Readers often say that the ticking crocodile
represents time – specifically, the movement of time that begins and ends a human life: “the clock will run down, and then he’ll get you.” The crocodile is both vicious and innocent in his pursuit, innocent in obeying a natural impulse and vicious in the narrowness of his goal. His viciousness is the ticking of time in his belly, which seems both to impel him forward, like the gears of a machine, and to set the terms of his eventual satisfaction. The clock is the agent, and the crocodile an obedient vehicle. Hook
interprets the crocodile this way too, and so he cowers before him as though the crocodile were fate itself, the sum of death and time. Hook is deathly afraid, but his fear also has something comforting about it, because falling into even the most malevolent arms is a little comforting. Fate ensures that each of us falls into place in some grand model of things, a finally clear map of “good” and “bad” form. So Hook believes. But we as readers know it was not time or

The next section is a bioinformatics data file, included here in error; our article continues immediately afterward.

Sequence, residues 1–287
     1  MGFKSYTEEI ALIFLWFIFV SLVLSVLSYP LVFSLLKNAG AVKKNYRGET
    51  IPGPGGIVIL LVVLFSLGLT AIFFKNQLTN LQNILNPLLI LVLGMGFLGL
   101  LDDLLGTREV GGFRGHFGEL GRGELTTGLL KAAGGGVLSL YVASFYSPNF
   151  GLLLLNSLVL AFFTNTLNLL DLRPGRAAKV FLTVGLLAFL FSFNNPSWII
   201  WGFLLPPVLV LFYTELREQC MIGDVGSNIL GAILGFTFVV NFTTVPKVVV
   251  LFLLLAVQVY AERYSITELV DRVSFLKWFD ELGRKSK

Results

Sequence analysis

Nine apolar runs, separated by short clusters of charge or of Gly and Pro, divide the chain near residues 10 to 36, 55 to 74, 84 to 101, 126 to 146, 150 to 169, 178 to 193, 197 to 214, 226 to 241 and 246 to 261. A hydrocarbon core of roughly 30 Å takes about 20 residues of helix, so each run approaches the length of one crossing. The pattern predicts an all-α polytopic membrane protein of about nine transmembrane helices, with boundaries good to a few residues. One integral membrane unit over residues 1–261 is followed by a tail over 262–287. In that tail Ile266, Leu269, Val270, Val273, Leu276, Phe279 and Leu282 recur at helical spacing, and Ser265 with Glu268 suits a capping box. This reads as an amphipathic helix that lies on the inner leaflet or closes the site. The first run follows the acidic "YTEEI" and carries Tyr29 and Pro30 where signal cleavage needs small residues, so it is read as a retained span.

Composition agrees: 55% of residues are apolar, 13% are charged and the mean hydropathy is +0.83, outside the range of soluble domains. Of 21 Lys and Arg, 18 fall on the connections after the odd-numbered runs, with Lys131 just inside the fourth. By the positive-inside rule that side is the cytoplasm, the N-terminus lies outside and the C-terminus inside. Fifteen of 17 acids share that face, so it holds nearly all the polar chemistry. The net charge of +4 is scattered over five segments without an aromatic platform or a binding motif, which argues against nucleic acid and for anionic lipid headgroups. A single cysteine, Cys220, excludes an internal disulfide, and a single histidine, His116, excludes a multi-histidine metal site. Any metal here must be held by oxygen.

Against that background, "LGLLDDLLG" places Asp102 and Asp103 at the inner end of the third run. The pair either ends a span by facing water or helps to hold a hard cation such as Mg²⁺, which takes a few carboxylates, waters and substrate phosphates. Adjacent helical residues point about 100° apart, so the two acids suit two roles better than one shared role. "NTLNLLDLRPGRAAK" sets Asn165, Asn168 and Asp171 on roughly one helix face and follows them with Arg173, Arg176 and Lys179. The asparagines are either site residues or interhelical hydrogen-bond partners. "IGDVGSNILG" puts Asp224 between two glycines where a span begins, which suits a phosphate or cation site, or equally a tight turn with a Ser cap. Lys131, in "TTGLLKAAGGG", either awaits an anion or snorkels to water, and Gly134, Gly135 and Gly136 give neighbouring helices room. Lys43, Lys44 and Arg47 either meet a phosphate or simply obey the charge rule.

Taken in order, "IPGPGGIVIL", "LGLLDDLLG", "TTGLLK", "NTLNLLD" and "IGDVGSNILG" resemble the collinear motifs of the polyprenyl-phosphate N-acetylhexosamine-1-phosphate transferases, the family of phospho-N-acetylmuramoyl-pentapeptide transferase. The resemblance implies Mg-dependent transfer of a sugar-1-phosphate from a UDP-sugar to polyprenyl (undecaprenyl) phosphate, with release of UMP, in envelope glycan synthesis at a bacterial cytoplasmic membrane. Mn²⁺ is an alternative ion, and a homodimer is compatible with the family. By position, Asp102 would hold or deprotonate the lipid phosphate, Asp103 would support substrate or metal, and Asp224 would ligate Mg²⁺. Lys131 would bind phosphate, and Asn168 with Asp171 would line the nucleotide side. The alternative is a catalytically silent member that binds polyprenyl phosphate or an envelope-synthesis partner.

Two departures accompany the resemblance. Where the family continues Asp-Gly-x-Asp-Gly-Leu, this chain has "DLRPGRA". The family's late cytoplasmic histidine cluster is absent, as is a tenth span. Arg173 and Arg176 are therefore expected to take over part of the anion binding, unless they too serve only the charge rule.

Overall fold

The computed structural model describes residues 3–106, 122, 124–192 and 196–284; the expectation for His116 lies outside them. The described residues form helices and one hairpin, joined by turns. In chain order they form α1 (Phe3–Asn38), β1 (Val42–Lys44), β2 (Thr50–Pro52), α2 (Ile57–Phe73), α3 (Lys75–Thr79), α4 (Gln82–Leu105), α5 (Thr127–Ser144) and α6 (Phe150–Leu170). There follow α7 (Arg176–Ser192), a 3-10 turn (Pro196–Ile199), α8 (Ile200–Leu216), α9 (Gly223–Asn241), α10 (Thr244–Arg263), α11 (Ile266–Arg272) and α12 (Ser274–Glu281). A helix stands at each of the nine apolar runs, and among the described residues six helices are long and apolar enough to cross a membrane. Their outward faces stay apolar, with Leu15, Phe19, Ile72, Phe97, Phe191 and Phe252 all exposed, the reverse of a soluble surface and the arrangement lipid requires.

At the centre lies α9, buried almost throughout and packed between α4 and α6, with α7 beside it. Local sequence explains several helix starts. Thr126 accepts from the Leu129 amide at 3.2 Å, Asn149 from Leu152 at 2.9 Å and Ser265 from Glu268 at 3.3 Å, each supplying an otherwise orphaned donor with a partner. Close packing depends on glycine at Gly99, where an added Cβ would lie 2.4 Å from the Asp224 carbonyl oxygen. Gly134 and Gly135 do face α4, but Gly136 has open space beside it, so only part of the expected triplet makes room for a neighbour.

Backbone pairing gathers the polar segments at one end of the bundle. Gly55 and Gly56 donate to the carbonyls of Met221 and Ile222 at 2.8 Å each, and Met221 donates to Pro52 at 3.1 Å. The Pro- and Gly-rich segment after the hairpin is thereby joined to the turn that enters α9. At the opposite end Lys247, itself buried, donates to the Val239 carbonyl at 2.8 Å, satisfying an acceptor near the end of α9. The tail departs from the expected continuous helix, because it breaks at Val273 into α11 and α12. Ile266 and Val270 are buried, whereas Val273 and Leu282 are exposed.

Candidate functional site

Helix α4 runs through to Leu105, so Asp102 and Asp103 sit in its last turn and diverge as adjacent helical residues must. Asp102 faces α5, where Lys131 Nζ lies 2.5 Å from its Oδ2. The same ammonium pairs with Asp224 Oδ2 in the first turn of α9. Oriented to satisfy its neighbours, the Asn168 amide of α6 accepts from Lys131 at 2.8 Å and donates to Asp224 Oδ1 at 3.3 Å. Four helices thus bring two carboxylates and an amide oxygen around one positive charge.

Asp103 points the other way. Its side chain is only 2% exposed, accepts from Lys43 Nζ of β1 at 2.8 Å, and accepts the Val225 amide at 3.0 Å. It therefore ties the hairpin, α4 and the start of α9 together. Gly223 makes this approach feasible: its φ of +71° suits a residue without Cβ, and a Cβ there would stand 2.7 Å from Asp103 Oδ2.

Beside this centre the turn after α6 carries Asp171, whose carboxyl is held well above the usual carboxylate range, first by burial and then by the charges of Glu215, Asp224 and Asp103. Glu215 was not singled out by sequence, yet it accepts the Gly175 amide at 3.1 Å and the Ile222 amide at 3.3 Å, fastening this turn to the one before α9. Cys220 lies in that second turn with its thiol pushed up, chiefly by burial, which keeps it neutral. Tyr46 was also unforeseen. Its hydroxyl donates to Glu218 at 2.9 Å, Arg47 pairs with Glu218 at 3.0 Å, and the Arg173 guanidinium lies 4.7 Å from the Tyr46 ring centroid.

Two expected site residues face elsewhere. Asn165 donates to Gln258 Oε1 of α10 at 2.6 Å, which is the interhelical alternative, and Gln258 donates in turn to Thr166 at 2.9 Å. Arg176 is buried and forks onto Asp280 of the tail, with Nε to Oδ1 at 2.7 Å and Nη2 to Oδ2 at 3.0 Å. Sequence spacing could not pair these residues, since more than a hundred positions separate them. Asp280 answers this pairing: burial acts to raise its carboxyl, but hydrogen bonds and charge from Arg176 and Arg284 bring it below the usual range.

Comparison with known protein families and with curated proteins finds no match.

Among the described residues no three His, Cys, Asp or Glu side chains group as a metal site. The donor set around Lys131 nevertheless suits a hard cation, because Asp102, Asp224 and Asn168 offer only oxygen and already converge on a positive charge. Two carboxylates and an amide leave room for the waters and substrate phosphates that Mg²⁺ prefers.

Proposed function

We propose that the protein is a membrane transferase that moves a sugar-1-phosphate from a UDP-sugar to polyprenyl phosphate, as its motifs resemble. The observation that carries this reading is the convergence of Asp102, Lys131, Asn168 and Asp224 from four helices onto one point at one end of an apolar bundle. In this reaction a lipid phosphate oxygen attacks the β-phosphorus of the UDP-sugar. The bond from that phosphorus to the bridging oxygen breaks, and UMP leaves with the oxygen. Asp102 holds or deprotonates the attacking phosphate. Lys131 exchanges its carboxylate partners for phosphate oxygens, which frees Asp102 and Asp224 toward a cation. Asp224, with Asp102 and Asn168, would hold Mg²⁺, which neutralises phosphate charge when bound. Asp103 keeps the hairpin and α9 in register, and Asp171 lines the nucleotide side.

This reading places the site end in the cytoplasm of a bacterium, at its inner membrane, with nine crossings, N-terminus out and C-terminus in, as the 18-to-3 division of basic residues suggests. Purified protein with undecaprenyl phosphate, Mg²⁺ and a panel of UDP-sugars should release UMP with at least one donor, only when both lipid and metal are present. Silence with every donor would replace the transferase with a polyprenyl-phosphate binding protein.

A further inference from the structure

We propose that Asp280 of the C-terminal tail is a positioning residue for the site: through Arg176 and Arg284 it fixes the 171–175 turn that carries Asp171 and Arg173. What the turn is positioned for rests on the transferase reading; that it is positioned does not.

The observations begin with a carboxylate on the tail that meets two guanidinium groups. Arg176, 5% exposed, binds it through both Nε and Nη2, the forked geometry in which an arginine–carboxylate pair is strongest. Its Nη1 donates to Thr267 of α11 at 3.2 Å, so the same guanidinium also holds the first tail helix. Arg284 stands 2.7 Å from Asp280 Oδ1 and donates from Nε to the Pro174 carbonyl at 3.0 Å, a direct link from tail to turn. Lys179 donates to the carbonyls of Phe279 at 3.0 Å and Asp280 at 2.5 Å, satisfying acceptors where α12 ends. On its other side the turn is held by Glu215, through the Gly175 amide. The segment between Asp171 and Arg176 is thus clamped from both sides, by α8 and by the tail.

fate that set the crocodile in motion – it was Peter
, who fed him Hook’s arm. And the crocodile gets his full meal not when the clock runs down, but when Peter gives Hook a final shove. The crocodile’s symbolic function as time, fate, and the inevitable is Hook’s own invention, a trace of Hook's love for a vanished order. In the end, the crocodile’s only symbolic connection to fate is his passive compliance in fulfilling his savage goal of getting Hook. There is nothing sacred about the crocodile’s ticking: Peter can tick just as well and powerfully. What the crocodile, and Hook's belief in the crocodile's status as his fate, is that to impersonate fate is to become fate.